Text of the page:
Every time we see an injustice, we have a responsibility to address it. Every day, regardless of our origins or age, each of us has a role to play in confronting an unjust system as we work to build a new one that truly works for everyone. Guiding our girls to learn to recognize and challenge the structures and practices that fuel inequality and cause harm helps them to play an active role in creating the positive change our society needs.

While we should have conversations about race and racism regularly in our homes, consulting with your child is especially crucial when racist violence takes lives and provokes protests, pain and unrest across the country. Children of all ages, backgrounds and skin tones are feeling a variety of emotions in response to all that is happening. They are sad, scared, angry, and confused.

What is the number one thing that can help your child process these feelings? Talking with an adult she trusts and loves, like you, and then working together to find ways to take positive action.

It can be tempting to avoid the issue of race and racism altogether, especially for those who have been taught that it is an issue that is not discussed, but statistics show that the justice, health and education systems are not fair and can negatively affect a child’s life on a fundamental level. Her family, education, safety, and well-being make these conversations absolutely necessary for those who support a just and equitable world for all girls.

We recognize that, in our Latino cultures, the issue of race and colorism (judging people by the color of their skin; often treating those with lighter skin tones better) is an issue that is greatly complicated by the great diversity that exists among different cultures within the Hispanic community.

We also recognize that unfortunately there is much racism among Latinos; it is another issue that we cannot ignore and must confront, along with our children and families, in order to shape a better future for all. In addition, it is important to talk about your family’s origins with your children as they form their identity and learn to take pride in who they are and where they come from.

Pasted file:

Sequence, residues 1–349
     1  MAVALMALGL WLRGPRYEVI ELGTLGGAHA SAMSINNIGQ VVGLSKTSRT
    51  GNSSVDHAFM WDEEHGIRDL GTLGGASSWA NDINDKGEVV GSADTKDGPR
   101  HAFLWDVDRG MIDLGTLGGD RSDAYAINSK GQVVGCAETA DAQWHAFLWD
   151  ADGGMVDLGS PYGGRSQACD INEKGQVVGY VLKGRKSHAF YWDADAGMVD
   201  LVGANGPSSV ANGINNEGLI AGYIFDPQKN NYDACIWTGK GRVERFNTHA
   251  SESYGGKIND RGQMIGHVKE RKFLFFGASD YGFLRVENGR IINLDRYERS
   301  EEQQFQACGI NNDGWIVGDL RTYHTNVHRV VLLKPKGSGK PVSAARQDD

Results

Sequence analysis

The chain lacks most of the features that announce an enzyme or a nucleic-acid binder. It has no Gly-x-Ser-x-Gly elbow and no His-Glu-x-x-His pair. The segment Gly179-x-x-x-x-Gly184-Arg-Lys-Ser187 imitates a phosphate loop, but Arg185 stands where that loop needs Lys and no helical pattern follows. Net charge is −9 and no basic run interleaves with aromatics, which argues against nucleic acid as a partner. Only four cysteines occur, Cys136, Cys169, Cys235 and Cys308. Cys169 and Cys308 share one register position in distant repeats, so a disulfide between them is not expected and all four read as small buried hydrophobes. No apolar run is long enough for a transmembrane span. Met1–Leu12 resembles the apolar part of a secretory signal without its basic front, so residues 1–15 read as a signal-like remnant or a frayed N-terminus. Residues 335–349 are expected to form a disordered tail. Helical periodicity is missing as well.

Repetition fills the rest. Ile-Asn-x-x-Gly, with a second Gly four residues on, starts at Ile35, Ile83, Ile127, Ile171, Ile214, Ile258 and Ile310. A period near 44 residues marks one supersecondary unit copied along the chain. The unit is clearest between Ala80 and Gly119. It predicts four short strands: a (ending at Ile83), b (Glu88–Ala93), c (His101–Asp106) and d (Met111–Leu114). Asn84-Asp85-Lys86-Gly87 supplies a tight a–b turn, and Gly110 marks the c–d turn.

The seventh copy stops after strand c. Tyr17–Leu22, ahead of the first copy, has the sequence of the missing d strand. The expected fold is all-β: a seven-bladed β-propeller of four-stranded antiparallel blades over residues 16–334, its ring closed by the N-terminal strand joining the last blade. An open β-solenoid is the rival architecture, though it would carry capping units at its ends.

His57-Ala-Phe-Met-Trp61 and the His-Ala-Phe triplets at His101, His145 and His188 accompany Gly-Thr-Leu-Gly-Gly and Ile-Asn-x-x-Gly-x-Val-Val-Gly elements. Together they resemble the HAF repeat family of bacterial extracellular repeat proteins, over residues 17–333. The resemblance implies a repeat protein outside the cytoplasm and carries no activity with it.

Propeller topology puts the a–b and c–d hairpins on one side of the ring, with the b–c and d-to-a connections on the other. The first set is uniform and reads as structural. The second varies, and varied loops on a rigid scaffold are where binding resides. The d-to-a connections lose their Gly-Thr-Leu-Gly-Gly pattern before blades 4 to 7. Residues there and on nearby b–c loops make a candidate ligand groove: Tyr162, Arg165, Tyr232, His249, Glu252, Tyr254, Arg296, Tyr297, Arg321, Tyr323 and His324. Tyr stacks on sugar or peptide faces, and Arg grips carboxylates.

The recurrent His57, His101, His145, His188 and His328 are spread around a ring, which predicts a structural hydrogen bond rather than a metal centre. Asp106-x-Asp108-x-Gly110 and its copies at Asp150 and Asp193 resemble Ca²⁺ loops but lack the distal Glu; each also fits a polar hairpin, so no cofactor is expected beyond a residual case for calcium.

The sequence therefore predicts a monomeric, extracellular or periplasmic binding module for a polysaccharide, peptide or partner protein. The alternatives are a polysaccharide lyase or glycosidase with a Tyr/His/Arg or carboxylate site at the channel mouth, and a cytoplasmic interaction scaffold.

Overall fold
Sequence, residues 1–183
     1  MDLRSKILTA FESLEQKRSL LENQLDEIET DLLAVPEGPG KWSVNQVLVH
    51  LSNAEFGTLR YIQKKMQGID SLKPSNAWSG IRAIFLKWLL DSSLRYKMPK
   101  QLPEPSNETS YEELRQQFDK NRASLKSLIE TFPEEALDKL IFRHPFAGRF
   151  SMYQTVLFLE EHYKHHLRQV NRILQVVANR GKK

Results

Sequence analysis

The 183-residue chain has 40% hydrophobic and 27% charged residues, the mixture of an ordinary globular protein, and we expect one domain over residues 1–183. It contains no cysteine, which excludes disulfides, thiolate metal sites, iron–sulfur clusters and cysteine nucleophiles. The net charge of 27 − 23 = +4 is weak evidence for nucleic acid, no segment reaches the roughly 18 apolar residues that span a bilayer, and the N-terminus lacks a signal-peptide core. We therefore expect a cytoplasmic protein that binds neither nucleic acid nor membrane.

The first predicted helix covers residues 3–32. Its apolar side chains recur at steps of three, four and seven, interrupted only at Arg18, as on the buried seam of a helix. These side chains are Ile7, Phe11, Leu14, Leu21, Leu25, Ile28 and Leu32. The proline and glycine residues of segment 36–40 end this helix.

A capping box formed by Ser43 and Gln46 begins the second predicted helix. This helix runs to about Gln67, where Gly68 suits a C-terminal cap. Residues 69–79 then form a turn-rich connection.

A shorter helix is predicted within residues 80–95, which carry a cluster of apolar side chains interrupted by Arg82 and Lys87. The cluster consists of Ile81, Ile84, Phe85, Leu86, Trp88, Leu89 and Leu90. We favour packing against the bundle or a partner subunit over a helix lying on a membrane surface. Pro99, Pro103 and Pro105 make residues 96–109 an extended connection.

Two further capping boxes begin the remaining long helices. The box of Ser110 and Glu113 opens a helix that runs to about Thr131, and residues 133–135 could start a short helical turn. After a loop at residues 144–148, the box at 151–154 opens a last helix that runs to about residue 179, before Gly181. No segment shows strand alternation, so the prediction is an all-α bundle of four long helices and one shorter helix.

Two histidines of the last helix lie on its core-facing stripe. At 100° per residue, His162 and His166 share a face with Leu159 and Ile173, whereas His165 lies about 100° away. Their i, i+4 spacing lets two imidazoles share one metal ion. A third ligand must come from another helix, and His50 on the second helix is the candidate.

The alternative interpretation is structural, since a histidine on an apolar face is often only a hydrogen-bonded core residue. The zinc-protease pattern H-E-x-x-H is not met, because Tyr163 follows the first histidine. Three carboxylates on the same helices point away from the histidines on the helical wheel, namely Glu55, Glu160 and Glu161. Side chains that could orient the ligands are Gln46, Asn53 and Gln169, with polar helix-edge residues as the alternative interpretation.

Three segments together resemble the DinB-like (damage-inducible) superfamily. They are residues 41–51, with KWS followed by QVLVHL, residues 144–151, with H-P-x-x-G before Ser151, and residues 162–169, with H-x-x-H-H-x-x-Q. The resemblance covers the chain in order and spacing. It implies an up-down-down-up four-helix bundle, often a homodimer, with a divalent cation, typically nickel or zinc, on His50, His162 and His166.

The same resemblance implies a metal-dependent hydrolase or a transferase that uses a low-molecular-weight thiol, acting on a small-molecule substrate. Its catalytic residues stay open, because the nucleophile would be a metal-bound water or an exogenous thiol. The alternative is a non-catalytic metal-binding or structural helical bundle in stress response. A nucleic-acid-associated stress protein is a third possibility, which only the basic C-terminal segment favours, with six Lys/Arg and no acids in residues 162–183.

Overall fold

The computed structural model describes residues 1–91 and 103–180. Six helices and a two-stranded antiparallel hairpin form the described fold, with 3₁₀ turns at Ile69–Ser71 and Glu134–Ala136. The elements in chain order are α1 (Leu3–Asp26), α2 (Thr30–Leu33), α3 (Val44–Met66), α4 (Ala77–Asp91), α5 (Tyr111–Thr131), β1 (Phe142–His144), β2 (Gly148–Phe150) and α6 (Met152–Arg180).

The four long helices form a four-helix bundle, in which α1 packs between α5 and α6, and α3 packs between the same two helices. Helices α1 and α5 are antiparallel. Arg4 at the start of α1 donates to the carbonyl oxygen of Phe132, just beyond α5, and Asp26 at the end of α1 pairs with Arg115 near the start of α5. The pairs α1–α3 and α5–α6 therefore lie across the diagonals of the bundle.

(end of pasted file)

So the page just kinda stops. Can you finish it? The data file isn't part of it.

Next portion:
In the examples that follow, please note that the use of “white” and “black” may mean something different to everyone, depending on the race you identify with as Latino. Mostly, when we use the term “white” we mean Caucasian or those who the world assumes to be Caucasian because of their skin color or other characteristics, even if they are not.

  • In every state, black girls are twice as likely to be suspended from school as white girls even though they don’t misbehave more often, according to a 2019 study by the National Women’s Law Center. These suspensions affect their educational achievement and career prospects.
  • Children raised in African American, Latino, and Native American households are more likely to live in households with higher unemployment and lower income than white children. According to the American Academy of Pediatrics, these inequalities increase their risk of health problems and make them more likely to receive less education as well as lower quality education.
  • Young people from diverse backgrounds are more likely to be incarcerated than white youth, disrupting their education, affecting their health and emotional well-being, and limiting their options for the future.

Having honest conversations about race is important for all families, and it’s vital to have them regularly, even if it’s uncomfortable or if you think your children already know about racism and know right from wrong.

However, while talking about it is excellent, it is only part of the work that is needed to improve our world and defend equality. It is also important to observe how your child’s life is structured every day and how she lives it. Who does she see in her neighborhood, at school, and in positions of power around her?

So how does she begin to take these important actions to combat racism? Here’s how.

Be direct, ask questions and listen to her.

Don’t avoid the subject to begin with. Your silence may make your child think that talking about race and racism is forbidden or that the status quo is acceptable, when frank discussion of these issues is actually what she needs most and what will help her be part of the solution.

In fact, “choosing” to talk with your child about racism and its consequences is not a decision every family makes. It is often a necessary conversation, even to save lives, from the earliest ages, especially for Black families and other families of color.

Trish Tchume, director of leadership development at the social justice organization, Center for Community Change, recalls that her mother initiated a conversation with her when she was only five or six years old about how, as a black child, she would be treated differently than her white friends.

“She told me that when I was with my friends, most of them white, at the mall or at the pool, they would come up with ideas to test the limits of authority that might be harmless to them, but not to me. He was telling me to think and be more careful because black children, and adults too, are treated differently than white children when they respond to authority figures or break rules,” as all children do at some point.